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Community college students walk and talk together between classes

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Getting into a good college or university can be an extremely stressful experience for any young person. 

However, for Black students, the burden can easily intensify due to a lack of information and access to resources. 

UNCF research found that only 57 percent of Black students have full access to college-ready courses and many who do have access to this tool don’t finish the course. Also, the financial weight of preparing for college can have a significant impact on the success of many students of color. According to a report by Education Data, students of color had the highest dropout rate and around 33 percent of those dropouts were correlated to financial pressure. 

This is where the College Thriver Education app comes in. The app was launched by former Admissions and Enrollment Counseling professional Shawntia Lee and it works to help make the college admissions process easier for minority students. 

The College Thriver Education app helps students in grades 6-12 get acclimated with the college admission process by providing them with data-driven solutions to assist these students in meeting college standards for admission. The app is also useful for locating resources that students will need at their college or university. Many students struggle with finding access to much-needed resources such as funding, transportation, counseling and more. The College Thriver Education app works as a bridge for those students.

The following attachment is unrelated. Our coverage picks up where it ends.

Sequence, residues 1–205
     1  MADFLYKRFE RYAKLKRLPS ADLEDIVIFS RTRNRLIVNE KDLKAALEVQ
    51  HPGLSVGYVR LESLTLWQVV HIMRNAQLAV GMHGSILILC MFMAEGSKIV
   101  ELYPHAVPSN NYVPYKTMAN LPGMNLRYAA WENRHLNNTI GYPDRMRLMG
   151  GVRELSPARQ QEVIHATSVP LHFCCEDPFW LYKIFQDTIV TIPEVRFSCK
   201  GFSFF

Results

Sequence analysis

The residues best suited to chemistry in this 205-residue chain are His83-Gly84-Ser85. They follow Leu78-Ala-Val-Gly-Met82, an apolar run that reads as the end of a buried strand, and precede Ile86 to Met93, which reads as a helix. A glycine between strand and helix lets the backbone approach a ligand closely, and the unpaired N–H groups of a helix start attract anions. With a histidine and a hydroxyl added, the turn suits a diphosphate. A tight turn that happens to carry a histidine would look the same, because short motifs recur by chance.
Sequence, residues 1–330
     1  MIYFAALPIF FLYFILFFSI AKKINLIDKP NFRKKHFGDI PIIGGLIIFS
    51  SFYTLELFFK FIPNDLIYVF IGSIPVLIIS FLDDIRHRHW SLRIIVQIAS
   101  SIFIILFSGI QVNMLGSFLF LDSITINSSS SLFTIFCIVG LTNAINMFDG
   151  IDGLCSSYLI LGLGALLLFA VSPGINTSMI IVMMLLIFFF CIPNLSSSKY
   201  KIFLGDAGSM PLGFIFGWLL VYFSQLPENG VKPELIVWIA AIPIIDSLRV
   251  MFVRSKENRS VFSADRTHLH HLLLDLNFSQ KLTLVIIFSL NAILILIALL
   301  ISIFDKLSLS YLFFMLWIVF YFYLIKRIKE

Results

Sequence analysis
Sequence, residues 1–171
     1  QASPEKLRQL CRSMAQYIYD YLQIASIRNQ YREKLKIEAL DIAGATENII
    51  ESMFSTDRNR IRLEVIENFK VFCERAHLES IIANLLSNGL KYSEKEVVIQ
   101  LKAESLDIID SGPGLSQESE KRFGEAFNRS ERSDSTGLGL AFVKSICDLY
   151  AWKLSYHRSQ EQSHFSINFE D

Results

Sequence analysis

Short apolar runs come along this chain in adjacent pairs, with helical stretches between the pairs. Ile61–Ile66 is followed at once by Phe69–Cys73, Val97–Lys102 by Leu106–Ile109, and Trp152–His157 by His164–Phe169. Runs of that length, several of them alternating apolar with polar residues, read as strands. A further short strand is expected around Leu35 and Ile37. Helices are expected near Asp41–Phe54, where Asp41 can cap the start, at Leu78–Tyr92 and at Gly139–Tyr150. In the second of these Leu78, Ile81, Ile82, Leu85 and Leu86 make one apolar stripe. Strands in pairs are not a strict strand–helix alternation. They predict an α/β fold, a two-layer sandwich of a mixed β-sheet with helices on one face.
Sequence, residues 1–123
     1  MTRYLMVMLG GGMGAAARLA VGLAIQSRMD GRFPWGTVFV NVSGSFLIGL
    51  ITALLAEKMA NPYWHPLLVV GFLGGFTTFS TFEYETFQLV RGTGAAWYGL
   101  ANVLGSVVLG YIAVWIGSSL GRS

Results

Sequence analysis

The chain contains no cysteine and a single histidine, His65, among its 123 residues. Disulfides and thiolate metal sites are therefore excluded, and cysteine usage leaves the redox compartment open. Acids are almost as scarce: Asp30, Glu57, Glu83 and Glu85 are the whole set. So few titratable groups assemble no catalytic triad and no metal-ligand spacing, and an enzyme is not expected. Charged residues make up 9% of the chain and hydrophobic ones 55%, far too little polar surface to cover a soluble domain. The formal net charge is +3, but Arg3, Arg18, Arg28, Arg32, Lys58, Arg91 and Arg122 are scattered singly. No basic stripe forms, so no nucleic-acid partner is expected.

“I became tired of the systemic injustice that is created in higher education for students of color,” Lee told BlackNews. “So, I created the app to close the equity gap and offer equality to higher education for all despite their socioeconomic status in life.”

There is no doubt that the need for college assistance is crucial in the Black community. There is so much talent flowing in our communities that are often overlooked because of their circumstances. And for the ones who are lucky enough to get to a four-year college or university, student loan repayments can haunt their adult lives even after they graduate. 

Lee’s app, which is currently available for free in the Apple and Google app stores, is looking to improve the college experience for Black Students from grade school to adulthood. She is even incorporating a debit card rebate program that assists students with financial savings during their time in school to help reduce the burden created by student loan debt. 

Lee is a great example of what it means to give your talents back to your community and through her vision, more students will have the opportunity to do the same. 


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